In this world, 12 deities incarnate every 90 years as humans in order to live two years on Earth. Why? I’m not sure yet. But in 2014, they’re pop stars. Roll with it. Let’s touch on which gods we’re talking about, first of all. Is this going to be about a hip Jesus MCing a rap battle between Yah Boi Yahweh and Allah $? No. In the first issue we meet Ananke (Ancient Greek), Susanoo (Shinto), Amaterasu (Shinto), Sakhmet (Egyptian), and Lucifer. Try to guess which of those I didn’t have to Google. So, kudos to writer Kieron Gillen for exploring mythologies not often found in pop culture. Though the reader goes into the story knowing the gods are legitimate, Gillen doesn’t give the reader a god’s eye view. After an explosive introduction, we follow Laura, a 17-year-old fangirl of the gods (i.e. the teenage perspective in that balance I mentioned earlier). But, wisely, Gillen packs the deck with adult skeptics. A reporter accuses Amaterasu and the other gods of being “kids posturing with a Wikipedia summary’s understanding of myth,” and, more hilariously, accuses Amaterasu of being “a provincial girl who doesn’t understand how cosplaying a Shinto god is problematic at best and offensive at worst.”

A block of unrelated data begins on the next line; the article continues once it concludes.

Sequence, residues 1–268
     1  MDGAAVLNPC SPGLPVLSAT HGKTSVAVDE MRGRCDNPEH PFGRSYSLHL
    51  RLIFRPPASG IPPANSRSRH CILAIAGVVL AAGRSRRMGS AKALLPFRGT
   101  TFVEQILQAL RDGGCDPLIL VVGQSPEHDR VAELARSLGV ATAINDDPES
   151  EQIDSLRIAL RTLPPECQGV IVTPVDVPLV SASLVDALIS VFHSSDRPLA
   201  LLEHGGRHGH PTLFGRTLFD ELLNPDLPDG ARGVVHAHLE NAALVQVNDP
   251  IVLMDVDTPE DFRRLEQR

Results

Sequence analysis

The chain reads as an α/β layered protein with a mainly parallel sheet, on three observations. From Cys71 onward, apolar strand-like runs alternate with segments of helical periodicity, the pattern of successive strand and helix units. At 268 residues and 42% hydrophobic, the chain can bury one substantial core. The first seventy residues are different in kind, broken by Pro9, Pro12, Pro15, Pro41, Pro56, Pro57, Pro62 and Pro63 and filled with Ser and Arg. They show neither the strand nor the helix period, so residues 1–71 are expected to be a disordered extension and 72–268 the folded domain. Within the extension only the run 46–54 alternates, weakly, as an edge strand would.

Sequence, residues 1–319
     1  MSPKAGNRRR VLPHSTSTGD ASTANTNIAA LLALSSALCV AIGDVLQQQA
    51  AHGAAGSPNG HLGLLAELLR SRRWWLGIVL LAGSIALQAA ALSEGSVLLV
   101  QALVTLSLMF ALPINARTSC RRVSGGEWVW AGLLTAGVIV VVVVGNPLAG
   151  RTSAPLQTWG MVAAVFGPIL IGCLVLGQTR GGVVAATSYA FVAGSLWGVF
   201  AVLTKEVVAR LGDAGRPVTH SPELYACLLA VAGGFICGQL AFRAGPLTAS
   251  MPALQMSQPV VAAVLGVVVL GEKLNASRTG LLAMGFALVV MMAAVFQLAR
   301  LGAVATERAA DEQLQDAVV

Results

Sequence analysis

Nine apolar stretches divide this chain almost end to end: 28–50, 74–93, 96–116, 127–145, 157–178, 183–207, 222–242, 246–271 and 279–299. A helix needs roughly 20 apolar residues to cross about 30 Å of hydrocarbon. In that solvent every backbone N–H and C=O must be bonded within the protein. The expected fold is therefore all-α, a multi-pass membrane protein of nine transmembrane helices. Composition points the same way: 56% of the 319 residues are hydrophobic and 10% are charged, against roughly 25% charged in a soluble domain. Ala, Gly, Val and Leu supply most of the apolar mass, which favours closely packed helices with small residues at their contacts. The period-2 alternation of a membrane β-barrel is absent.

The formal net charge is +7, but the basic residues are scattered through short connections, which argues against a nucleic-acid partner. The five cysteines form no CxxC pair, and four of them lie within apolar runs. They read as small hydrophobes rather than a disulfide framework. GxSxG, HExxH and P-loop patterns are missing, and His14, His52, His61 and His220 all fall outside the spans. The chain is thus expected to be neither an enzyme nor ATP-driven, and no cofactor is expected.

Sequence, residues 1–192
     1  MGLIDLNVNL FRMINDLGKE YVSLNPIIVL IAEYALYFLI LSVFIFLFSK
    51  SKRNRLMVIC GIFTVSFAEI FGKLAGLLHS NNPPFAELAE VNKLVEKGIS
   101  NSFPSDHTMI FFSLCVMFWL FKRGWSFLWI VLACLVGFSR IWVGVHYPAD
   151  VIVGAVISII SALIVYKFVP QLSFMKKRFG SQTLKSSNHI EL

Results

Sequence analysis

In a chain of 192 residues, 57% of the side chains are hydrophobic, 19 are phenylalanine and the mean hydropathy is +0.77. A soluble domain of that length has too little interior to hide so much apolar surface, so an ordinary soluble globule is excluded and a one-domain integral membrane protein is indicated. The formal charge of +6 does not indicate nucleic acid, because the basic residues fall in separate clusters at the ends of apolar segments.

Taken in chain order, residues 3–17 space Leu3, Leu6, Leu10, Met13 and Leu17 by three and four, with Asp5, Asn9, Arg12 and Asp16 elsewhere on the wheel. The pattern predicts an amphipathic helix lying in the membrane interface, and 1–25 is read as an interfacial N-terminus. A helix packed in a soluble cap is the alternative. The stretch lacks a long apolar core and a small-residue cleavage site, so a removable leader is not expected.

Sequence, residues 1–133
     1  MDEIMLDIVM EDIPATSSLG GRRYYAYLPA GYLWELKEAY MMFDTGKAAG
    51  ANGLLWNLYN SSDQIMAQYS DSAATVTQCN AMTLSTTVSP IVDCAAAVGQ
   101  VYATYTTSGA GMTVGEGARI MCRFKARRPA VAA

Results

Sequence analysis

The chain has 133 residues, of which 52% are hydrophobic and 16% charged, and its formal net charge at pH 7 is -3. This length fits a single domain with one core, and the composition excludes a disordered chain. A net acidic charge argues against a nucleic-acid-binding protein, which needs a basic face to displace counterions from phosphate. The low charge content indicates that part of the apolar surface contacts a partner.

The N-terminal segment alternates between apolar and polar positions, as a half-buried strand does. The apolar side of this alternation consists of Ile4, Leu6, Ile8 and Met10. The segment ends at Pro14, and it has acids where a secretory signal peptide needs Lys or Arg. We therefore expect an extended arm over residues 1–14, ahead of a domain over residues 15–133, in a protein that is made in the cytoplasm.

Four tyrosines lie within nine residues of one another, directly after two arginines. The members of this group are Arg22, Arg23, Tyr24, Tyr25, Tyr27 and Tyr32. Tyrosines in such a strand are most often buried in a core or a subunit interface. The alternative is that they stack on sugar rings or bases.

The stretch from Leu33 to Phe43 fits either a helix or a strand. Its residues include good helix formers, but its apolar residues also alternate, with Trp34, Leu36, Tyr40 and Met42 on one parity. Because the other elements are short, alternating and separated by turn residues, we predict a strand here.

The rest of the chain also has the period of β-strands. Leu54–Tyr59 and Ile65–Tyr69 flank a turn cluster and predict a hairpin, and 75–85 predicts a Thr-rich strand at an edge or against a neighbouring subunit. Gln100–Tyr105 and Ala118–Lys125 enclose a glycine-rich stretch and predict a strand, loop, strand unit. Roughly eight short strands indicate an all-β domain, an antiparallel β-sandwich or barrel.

Throughout, the dialogue crackles with similar wit and character. But that isn’t the only aspect of the writing that’s on point. The scenes build and explode with heady pacing and smooth transitions. And, suggesting a great trust between writer and artist not often found in comics, Gillen never weighs down the art with unnecessary narration. It should be a major pet peeve of every comic reader when a panel that shows a man running from a bomb also has that man yelling, “I am RUNNING from a BOMB!”